For amblyopes, the temporal synchrony thresholds of the amblyopic eye (i.e., MA) were significantly higher than those of the fellow eye (i.e., MF; Fig. 4A). Using a similar paradigm, Huang et al.12 investigated the temporal synchrony deficit in amblyopia under the monocular viewing configuration (MA and MF). They compared the temporal deficit in strabismic and nonstrabismic amblyopia and the temporal deficit in foveal and peripheral vision. They reported that nonstrabismic amblyopes also had a higher temporal synchrony threshold in the amblyopic eye (116.39 ms) than in the fellow eye (68.81 ms) when discriminating temporal asynchrony blobs whose separation was 2.5° of visual angle. Comparing our results with a similar target separation and the types of amblyopia in the previous study, we show that the temporal synchrony threshold in the amblyopic eye is 136.52 ms and that in fellow eye is 97.08 ms. The difference in the synchrony thresholds between the two studies might be caused by the methodologies. Huang et al.12 used a 4-AFC odd-man-out paradigm with a staircase method; in this method, subjects were asked to detect which blob flickered asynchronously. However, we used a 2-AFC paradigm with the constant stimuli method; in this method, subjects were asked to detect which pair flickered asynchronously. Another explanation could be interocular suppression. Interocular suppression is typically chronic.35,36 When the monocular viewing configuration is conducted by occluding one eye, the interocular suppression is minimized. This might explain our study's findings, which show higher temporal synchrony thresholds at the pure dichoptic configuration (i.e., Di).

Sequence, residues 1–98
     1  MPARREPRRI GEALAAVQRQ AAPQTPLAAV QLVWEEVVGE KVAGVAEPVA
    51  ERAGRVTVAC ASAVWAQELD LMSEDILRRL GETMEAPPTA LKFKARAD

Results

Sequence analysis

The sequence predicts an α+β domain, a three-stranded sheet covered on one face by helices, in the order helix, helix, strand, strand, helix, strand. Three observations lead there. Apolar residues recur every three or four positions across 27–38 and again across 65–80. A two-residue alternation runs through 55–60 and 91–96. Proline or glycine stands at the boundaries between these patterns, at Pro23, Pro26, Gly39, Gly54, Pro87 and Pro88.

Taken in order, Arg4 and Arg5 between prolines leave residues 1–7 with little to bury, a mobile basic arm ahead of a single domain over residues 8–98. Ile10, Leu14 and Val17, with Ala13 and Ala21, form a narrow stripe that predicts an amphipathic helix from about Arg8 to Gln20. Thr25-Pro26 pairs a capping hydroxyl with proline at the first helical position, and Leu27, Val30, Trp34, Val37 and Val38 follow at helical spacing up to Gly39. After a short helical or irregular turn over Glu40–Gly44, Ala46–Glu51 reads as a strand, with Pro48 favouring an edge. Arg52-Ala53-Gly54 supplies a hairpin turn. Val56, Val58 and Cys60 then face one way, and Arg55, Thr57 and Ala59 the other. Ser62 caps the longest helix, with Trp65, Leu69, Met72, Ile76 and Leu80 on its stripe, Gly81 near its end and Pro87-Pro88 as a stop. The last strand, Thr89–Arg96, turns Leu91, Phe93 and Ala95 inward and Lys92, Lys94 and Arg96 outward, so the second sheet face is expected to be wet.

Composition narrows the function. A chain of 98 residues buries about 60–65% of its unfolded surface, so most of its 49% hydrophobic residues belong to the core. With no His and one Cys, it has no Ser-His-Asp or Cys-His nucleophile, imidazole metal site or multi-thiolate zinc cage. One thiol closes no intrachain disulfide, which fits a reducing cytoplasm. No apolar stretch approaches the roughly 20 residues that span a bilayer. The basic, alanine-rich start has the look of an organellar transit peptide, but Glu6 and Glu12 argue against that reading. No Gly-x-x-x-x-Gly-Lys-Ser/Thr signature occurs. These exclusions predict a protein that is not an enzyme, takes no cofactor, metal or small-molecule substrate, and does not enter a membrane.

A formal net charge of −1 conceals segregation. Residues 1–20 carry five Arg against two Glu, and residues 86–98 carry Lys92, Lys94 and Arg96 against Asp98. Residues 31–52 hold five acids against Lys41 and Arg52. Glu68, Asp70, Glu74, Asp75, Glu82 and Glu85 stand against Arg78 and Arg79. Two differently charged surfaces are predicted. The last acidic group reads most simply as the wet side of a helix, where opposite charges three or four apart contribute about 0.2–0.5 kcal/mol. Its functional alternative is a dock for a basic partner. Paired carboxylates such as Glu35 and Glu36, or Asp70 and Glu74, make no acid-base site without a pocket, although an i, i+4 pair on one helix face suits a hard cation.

Several studies have reported the existence of the temporal deficit in the amblyopic eye. Many of the studies concerned the temporal dependence in contrast detection ability. For example, the contrast sensitivity gets reduced at all temporal frequencies in the amblyopic eye.9,37 This form of deficit has also been revealed with a weak magnitude in visually evoked potential38 and a delayed hemodynamic response function in the early visual cortex that receives input from the amblyopic eye.39 These deficits can be explained by the deficit in spatiotemporal contrast sensitivity. Our study, in contrast, addresses the temporal processing deficit per se by measuring the temporal synchrony threshold with a suprathreshold stimulus. The temporal synchrony of neurons has been thought of as the underlying mechanism for binding different features into one object.40 A reduced synchrony of firing in the amblyopic eye in cats has been found when the contrast and spatial tunings in the amblyopic eye are normal.41 Our experimental results are consistent with the findings that show higher synchrony thresholds in the amblyopic eye. The reduced synchrony might contribute to the spatiotemporal deficit in amblyopia.41